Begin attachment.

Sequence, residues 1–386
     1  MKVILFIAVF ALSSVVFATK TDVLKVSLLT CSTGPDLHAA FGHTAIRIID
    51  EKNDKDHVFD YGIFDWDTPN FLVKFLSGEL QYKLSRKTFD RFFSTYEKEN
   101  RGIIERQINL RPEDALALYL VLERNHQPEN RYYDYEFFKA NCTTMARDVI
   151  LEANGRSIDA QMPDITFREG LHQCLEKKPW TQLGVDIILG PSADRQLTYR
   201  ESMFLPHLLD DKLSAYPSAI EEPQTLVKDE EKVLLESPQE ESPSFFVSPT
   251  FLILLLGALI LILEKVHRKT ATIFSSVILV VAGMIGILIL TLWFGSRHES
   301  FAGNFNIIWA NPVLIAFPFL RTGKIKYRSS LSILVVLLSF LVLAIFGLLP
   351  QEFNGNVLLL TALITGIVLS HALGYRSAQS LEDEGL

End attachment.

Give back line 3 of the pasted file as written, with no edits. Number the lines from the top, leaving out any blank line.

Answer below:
    51  EKNDKDHVFD YGIFDWDTPN FLVKFLSGEL QYKLSRKTFD RFFSTYEKEN